I’ve previously sung the praises of Pico de Gallo on these very pixelated pages prior to my last visit. (Clue: if you see “again” in any of my titles, such as in the title to this post, it literally means I’m eating there again for a second, or third, or even the “more-th” time. It’s probably the only time my words are free from exaggeration or distortion or just plain lies).
In the humble opinion of yours truly, Pico de Gallo serves up the best tacos in Southern Arizona. Here are some photos of 9 AM taco breakfast I enjoyed last year, and for measured effect these are presented from three camera different angles.
What you just saw: pescado, asada, and cabeza. Pico de Gallo’s tacos veer towards diminutive, but what they lack in circumference they make up in heft and taste. The fillings are abundant and flavorful, and pickled onions add just the right amount of crunchy tart. Another distinguishing element are the thick masa tortillas that anchor the base of these tacos — wonderful stone-ground corn discs that are often times too fresh and delicate that they often have a difficult time staying composed in the time it takes for the four bites to polish one off. Pico de Gallo offers a flour option, but I have never felt curious enough to cheat on the corn.
There’s only one table sauce, and you’ll get a squirt bottle with each taco order. It’s a thick, fiery, intensely red habanero salsa that makes my brain perspire within seconds. Painfully addictive, and a perfect way to help sweat out the previous night’s regret.
Considering Tucson is a good four hours from the ocean (the Sea of Cortez is located over the Mexican border to the southwest), you might be surprised that you can find one of the truly great fish tacos I’ve had in my lifetime. in this landlocked city. I know I was, especially considering I moved back to Tucson in the late nineties after spending a few years in San Diego.
At this price, they are practically giving their tacos away. A true gem. If you are ever in Tucson, it’s a must visit.
Taqueria Pico de Gallo
2618 S 6th Ave
Tucson, AZ 85713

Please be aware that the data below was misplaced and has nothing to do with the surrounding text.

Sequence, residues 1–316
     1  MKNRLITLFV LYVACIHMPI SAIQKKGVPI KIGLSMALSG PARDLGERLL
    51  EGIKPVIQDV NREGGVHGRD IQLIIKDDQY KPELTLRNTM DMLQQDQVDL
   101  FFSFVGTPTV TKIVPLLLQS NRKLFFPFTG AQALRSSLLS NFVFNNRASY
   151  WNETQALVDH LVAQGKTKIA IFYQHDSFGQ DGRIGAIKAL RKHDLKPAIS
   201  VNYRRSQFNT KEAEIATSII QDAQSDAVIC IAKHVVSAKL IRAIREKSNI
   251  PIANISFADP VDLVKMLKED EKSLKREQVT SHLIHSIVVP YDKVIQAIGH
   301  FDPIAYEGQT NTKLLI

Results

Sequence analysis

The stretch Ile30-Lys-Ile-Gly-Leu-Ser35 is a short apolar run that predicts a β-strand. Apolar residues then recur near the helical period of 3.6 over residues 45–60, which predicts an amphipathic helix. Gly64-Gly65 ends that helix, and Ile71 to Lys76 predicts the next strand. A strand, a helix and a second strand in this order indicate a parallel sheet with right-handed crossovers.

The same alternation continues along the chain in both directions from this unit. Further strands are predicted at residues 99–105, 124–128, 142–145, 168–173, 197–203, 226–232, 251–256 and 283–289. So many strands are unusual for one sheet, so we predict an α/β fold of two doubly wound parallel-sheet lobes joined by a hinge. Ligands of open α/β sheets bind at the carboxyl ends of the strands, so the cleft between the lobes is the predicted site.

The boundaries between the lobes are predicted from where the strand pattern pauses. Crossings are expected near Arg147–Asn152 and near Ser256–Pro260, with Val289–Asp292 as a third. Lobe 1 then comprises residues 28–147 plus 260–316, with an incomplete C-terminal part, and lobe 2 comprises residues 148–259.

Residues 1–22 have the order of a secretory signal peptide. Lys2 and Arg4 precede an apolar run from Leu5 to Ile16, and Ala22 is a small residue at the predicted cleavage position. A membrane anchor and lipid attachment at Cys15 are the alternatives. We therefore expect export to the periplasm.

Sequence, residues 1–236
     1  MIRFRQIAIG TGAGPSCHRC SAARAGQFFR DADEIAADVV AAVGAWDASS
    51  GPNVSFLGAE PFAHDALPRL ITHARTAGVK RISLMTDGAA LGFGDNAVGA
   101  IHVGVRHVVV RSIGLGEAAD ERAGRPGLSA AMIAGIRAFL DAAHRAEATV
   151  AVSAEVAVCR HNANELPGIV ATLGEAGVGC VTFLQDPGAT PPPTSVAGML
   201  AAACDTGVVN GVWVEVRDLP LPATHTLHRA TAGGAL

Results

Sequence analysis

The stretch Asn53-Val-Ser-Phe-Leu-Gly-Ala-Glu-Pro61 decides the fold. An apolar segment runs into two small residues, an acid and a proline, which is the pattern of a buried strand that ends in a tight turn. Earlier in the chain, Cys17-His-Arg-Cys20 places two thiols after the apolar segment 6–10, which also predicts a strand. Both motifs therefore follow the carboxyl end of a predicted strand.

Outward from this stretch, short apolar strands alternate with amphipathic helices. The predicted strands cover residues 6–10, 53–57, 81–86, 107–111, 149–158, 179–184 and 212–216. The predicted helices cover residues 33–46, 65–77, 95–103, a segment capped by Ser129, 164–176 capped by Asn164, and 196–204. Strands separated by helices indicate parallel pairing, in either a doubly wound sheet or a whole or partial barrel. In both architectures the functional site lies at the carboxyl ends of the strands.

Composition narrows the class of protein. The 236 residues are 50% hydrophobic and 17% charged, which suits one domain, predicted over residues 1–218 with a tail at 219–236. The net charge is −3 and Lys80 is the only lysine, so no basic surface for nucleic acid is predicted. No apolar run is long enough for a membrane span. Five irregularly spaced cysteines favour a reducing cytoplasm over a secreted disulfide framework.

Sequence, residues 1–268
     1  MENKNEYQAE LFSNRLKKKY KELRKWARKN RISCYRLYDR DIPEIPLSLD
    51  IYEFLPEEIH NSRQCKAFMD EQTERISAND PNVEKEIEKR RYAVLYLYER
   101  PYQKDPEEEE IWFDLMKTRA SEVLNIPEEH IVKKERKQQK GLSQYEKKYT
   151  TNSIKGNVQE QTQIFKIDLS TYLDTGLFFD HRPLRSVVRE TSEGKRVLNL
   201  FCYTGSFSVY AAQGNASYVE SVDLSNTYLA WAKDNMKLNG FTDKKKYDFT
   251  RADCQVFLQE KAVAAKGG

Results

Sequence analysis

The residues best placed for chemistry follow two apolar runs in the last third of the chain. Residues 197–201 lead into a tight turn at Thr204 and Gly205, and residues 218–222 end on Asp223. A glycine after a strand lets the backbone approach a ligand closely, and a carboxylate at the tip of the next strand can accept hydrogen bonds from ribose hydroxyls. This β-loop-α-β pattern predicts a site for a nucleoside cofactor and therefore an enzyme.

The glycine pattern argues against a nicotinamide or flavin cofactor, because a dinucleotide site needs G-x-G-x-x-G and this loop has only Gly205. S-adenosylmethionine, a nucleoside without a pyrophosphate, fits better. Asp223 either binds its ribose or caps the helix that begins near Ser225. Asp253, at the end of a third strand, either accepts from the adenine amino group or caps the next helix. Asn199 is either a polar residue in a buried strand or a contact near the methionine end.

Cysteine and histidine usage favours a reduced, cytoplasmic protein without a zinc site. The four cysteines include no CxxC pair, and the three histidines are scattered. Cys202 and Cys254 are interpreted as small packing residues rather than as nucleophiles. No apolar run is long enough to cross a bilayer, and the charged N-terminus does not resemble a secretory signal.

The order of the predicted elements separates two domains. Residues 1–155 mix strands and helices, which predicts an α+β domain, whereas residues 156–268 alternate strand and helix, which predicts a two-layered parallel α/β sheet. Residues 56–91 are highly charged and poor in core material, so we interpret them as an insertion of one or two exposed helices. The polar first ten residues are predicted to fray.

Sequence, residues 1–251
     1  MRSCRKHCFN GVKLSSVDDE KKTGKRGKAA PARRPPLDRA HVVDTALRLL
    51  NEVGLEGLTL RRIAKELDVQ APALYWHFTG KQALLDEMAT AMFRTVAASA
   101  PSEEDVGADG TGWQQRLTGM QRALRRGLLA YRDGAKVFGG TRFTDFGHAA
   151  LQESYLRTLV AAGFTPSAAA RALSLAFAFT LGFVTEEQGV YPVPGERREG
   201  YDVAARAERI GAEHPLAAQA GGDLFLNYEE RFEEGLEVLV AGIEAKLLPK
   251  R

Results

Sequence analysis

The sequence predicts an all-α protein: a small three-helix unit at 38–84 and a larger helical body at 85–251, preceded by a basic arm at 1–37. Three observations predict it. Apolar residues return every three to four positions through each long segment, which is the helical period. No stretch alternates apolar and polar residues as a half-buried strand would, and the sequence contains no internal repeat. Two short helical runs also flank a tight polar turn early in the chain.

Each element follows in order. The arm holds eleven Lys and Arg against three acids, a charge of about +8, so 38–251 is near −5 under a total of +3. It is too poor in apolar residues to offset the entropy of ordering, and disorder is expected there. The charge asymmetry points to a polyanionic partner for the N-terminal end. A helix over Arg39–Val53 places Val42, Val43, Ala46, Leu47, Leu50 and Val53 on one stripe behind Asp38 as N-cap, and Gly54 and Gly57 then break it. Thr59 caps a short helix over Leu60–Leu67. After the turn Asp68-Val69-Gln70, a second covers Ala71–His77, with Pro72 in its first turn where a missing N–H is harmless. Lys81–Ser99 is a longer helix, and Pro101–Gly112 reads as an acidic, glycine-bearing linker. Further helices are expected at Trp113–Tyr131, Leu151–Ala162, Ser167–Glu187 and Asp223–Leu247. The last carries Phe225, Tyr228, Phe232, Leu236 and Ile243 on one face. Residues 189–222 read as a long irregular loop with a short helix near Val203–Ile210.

With Mermaid’s Oysterpedia App, the World Is Your …. (Grub Street).
Not only does it give you tasting notes on 200 North American oysters, but it lets you rate them — a great thing if you’re always forgetting which types you do or don’t like.
Hiro Ikegaya to open Mirakutei. (Portland Monthly)
Ikegaya says the focus is Sapporo-style ramen noodles, sushi rolls and “Japanese tapas with contemporary Southern California creativity,” a specialty of the chef that he is transporting to Portland from Los Angeles. Scheduled to open in late October or early November, Mirakutei will be open daily, until midnight, with prices $4-$10. Ikegaya plans to stay at his post at Hiroshi.
6 Hot New East Portland Eateries. Jen has a fantastic rundown of some great new options on Portland’s eastside.
Jimmy Dean, sausage maker extraordinaire and country music troubadour, has passed.
To commemorate, it’s worth revisiting the best product feedback call of all time.
This spring, scientists at the University of Missouri announced that after more than a decade of research, they had created the first soy product that not only can be flavored to taste like chicken but also breaks apart in your mouth the way chicken does: not too soft, not too hard, but with that ineffable chew of real flesh. When you pull apart the Missouri invention, it disjoins the way chicken does, with a few random strands of “meat” hanging loosely.
Salty, sweet: study says fat is the sixth “taste”. (Yahoo! News)
People sensitive to the taste of fat tend to eat less of it and are less likely to be overweight, according to Australian research that found human tongues can detect fatty tastes.
Researchers at Deakin University, working with colleagues at the University of Adelaide among others, found that fat was the sixth taste people can identify in addition to the five others — sweet, sour, salty, bitter and protein-rich.
Last fall I had the good fortune to attend a conference and spend some quality time in downtown Los Angeles. Even though I lived in Southern California for seven non-contiguous years of my life, I never really spent much time in the densest parts of LA, much less downtown (outside of the occasional drive-through).